Fundamentals of Land Surveys and Boundary Disputes

Fundamentals of Land Surveys and Boundary Disputes
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Land surveying and boundary disputes date from the earliest European settlers in what is now the U.S. This comment provides a brief and incomplete educational overview of the legal aspects of this process. Always consult an experienced attorney and surveying and engineering professionals in specific situations.

The Public Land Survey System reflects U.S. history with the original Atlantic seaboard colonies and Texas excluded and a patchwork of other states grouped together starting with the federal Northwest Ordinance in 1787. Revolutionary War and subsequent war veterans frequently received land script (certificates exchangeable for public land) for their services and a brisk business of buying and selling (with associated legal disputes) developed.

Many earliest land surveys followed a metes-and-bounds system adapted from England. It used natural landmarks and distances with simple compass headings of north, south, east, and west. Of course natural makers disappeared (for example, "a large Hickory tree") and various difficulties caused the development of the more precise Public Land Survey System.

The Public Land Survey System in shorthand fashion created numbered rectangular grids of one square mile each (a "section" of 640 acres) from a Base Line (a parallel of latitude) and Principal Meridian (a north-south line). 36 sections (six miles square) equal a Township further located with additional descriptors omitted here in the interest of brevity. A mile is 5,280 feet and an acre is 43,560 square feet. In some states there are references to other units such as varas, labors, leagues, rods, poles, perchs, chains, and links. Ground markers (monumentation) provided the precise locations of points and lines. The Pacific Railroad Act of 1862 granted railroads public lands in exchange for construction. In the entire land survey system there were instances of fraud or sloppy surveying that created numerous legal issues and boundary disputes.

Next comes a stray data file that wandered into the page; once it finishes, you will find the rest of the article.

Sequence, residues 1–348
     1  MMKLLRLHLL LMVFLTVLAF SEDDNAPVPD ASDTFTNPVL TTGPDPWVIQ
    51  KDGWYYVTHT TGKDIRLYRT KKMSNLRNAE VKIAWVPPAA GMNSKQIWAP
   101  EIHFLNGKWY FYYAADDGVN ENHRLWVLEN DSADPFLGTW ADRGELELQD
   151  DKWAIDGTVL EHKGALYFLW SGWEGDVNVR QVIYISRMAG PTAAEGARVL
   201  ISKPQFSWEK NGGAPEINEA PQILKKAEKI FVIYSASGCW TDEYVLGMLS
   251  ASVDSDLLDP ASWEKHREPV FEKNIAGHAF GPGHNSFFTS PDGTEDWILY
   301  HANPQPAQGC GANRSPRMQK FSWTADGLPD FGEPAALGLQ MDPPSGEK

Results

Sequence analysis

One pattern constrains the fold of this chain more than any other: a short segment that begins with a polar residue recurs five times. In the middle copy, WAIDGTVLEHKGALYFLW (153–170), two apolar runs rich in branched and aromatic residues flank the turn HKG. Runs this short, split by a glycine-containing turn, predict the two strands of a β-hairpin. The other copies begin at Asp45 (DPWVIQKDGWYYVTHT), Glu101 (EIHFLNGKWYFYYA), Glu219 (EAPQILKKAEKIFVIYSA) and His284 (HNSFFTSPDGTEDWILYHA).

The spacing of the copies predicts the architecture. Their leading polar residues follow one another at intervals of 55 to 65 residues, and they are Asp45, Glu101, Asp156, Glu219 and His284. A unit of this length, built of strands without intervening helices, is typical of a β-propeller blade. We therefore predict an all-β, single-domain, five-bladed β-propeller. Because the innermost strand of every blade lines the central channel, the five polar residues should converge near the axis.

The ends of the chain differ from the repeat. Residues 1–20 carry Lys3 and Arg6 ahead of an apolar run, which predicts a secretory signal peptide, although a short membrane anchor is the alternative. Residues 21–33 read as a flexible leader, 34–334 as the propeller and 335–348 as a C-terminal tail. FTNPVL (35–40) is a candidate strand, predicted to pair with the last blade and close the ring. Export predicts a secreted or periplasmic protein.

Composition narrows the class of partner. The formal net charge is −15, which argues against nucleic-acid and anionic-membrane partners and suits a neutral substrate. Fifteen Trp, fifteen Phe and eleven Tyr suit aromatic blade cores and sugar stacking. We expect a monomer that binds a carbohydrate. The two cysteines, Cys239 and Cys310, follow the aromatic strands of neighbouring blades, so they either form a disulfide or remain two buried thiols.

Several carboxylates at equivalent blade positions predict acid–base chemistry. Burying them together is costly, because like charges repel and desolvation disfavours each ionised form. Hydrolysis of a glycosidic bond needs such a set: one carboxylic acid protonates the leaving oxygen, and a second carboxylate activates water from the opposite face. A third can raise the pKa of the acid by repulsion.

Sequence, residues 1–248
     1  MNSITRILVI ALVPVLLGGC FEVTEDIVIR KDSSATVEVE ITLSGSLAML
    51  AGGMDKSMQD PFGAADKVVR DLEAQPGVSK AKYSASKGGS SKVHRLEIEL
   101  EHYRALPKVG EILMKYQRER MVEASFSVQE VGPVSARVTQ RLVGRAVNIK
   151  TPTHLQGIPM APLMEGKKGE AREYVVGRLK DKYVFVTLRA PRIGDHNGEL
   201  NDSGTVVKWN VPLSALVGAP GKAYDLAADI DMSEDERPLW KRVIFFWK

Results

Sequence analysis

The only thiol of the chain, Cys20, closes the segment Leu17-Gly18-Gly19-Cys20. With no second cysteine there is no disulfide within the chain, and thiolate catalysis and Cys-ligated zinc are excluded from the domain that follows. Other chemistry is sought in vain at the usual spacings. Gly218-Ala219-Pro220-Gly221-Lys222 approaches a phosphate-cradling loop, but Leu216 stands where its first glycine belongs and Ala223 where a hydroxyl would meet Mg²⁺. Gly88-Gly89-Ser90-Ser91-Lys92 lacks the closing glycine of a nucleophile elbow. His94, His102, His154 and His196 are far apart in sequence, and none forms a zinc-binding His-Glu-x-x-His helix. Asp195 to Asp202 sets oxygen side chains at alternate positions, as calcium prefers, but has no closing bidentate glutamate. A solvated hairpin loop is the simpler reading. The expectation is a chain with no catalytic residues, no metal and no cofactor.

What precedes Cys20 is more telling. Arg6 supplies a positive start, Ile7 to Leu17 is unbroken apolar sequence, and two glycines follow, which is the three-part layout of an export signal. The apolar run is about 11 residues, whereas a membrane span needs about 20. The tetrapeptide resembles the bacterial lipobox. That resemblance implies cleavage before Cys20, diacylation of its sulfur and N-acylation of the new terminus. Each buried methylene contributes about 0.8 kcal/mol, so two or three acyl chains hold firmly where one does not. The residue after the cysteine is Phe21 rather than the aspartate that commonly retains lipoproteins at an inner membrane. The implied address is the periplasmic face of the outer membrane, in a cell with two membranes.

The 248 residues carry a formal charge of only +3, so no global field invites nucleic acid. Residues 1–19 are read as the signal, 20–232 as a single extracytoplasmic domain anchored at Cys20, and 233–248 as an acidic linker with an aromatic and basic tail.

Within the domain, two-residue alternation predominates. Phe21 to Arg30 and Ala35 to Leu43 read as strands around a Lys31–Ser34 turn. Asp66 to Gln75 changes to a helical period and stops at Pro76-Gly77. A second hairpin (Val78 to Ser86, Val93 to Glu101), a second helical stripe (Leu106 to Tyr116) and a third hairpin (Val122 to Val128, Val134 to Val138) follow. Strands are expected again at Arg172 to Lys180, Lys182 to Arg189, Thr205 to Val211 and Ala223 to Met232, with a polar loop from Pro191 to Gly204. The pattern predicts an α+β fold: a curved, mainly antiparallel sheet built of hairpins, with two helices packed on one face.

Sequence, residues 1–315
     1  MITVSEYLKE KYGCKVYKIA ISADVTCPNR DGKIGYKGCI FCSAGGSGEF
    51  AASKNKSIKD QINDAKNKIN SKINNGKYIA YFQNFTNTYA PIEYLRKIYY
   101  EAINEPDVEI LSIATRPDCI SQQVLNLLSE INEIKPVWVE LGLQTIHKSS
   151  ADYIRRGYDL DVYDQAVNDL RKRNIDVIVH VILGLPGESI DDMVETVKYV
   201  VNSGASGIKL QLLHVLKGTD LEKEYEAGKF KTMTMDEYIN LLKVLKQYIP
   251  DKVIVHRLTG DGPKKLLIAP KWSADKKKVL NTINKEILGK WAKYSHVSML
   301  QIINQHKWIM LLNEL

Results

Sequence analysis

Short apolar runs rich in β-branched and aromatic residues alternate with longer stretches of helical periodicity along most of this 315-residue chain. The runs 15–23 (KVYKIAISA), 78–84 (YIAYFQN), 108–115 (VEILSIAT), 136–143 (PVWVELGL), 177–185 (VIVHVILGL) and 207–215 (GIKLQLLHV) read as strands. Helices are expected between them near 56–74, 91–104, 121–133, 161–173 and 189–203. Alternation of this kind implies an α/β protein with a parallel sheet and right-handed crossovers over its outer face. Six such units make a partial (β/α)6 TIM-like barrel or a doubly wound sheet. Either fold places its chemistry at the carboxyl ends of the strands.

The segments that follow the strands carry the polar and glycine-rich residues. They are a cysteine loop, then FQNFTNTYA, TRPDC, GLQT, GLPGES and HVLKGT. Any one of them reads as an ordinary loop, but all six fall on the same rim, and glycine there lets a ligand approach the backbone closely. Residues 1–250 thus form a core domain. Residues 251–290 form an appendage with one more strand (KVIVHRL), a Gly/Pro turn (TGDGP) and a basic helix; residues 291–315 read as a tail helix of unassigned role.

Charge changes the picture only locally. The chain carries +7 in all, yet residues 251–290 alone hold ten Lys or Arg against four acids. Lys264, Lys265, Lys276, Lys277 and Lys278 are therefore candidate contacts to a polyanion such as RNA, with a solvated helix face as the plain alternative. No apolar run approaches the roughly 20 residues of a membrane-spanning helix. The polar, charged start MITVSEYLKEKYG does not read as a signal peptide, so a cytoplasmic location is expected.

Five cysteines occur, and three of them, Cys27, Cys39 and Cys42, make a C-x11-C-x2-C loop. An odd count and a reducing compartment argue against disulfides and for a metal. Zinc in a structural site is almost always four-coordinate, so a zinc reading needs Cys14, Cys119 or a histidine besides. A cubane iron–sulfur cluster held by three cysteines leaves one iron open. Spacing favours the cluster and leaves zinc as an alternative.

A third surveying system in use today involves recorded plats and subdivisions. The Lot and Block System describes individual lots within blocks that additionally reference a recorded plat by volume number and page in the place of its official recording.

Modern surveys begin with one or more of these three systems. Working from the earliest available descriptions is a mixture of art and science. The engineering mechanics of surveying begin with an established point of commencement and the description of a line by "course" or compass "bearing" and distance (a "call") that runs from this point to the closest corner of the parcel being surveyed (creating a "point of beginning").

A 360 degree circle is broken into 60 minutes in a degree and 60 seconds in a minute. For example, the course (direction) of a call might read "North 20 degrees 20 minutes and 20 seconds West" abbreviated "N 20 20'20" W." An arc does not swing more than 90 degrees in any direction. A contemporary method represents this information as a decimal equivalent based upon 60. Hence, the above example would read "N 20.33889 W" since 1 minute is 1/60 degree and 1 second equals 1/3600 degree. Thus, the decimal degrees equivalent is calculated by this formula: degrees plus m/60 plus s/3600. Of course, the decimal equivalent could be longer in the interest of greater precision.

There are several ways North might be described: True North (geographic north pole), Magnetic North (magnetic north pole), Assumed North (a direction established by previous tracts or ground markers), and Grid North (parallel to a public grid line).

Monuments might be referenced that are Natural, Artificial, or Recorded. A land survey should close back to the point of beginning. Boundaries might be described by Deed Line (recorded deed description) or Occupation Line (where fences, etc. create boundaries). Errors may be Accidental (simple mismeasurements), Systematic (improperly calibrated instruments), and Closure (field measurements leave a gap).

Sometimes there are accidental gaps between boundary lines called Strips (rectangles) or Gores (triangles). There are legends of a surveyor finding such a strip ("vacancy") in the middle of a valuable oil field and obtaining a land grant title to the strip from the state government since adverse possession (title by occupancy) cannot be exercised against government.

A surveyor's Field Notes describe her or his findings and there may be a reference to Tolerances (allowable imperfections). In construction projects surveys may reference elevations or grades as well as drainage, utilities, and easements. In many situations an employed surveyor may be provided detailed Survey Instructions. Do not utilize standardized instructions without a careful review.

Generally speaking there are the following types of surveys: